Student: Frédéric Benken and Julius Rohlig
Classes:
Industrial Design Engineering, Diploma Thesis
Tutors:
Marek Holovac and Sebastian Lorenz
E-mail:
Frédéric benken[at]mailbox.tu-dresden.de and Julius.roehlig[at]mailbox.tu-dresden.de


Technical University of Dresden

Design of a machine concept ready for earthmoving automation in 2030 by Martin Schumann

“The construction industry is transforming – digital models will form the basis of communication between all trades on a construction site. The networking and automation of machines and processes creates the potential for new machine concepts.

“The main task of this project was to challenge the concept of established mobile excavators and develop new approaches for a cyber-physical system. This resulted in a cable-driven parallel robot for the construction site environment. Attached to various support towers with an excavation pit, an effector can automatically move through the spanned construction space with a variety of tools that can be added. “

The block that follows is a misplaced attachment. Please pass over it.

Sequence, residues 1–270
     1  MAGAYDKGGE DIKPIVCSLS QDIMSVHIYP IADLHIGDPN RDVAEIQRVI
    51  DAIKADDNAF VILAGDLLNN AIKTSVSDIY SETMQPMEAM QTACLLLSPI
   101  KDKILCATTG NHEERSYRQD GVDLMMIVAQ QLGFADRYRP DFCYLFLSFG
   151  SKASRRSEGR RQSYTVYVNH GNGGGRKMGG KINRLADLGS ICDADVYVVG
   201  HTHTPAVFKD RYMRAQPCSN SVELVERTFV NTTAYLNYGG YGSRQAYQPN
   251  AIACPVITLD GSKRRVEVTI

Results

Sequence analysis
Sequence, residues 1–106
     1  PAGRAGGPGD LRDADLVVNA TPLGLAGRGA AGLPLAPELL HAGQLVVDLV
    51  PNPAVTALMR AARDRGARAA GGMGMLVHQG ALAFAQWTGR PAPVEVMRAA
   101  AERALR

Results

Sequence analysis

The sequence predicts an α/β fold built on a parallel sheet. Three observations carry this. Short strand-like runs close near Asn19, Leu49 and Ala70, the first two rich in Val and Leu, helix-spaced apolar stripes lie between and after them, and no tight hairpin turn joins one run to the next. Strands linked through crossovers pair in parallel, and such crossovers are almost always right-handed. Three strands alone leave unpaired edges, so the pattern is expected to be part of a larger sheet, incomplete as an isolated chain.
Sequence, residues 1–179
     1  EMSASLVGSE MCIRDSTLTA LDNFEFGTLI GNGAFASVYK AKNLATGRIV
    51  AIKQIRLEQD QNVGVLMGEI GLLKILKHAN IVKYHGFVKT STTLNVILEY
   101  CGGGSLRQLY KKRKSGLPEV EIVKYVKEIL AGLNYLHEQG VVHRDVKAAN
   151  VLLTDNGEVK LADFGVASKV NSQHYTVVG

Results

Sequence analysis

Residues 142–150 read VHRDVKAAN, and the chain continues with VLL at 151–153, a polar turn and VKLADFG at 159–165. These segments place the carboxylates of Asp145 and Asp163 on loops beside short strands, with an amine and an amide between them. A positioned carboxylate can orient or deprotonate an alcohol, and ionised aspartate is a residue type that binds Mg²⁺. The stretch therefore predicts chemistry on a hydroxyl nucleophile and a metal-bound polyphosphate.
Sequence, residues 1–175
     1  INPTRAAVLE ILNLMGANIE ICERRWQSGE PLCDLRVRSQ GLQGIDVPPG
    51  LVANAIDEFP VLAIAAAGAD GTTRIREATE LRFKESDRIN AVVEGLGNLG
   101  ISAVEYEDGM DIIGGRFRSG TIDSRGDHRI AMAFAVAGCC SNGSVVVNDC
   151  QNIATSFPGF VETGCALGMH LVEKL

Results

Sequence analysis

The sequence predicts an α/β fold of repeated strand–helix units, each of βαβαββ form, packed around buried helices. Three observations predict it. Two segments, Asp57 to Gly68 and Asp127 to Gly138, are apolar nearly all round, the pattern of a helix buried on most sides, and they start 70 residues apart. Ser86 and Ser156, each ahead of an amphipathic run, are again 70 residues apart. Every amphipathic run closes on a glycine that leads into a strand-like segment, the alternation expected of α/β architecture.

Student: Martin schumann
Classes:
Industrial design engineering
Tutors:
Felix Schmitt
E-mail:
martinschumann[at]posteo.de


Technical University of Dresden

Flaschenpost by Paul Weiß

“Where is the journey of plastic waste created directly outside our doors going? To get to the bottom of this question, we developed GPS drifting buoys, which we dumped into the local river. Much like plastic waste, drifting buoys float downstream, their path determined by factors such as river speed, water level, river geometry, wind, and precipitation.

“The coordinates of the dinghies are regularly read via satellite links and can then be made available in a database. Thanks to the data collected, we were able to locate the hot spots of the waste and verify the predictions of the researchers. Currently, the dinghies are under development so that users can share and discuss their generated data with scientists through a citizen science platform. ”

Student: Paul Weiss
Classes:
Industrial design engineering
Tutors:
Lenard Opeskin
E-mail:
paul.weiss[at]tu-dresden.de


Content of the partnership

This school show is a partnership between Dezeen and the Technical University of Dresden. Learn more about the content of the Dezeen partnership here.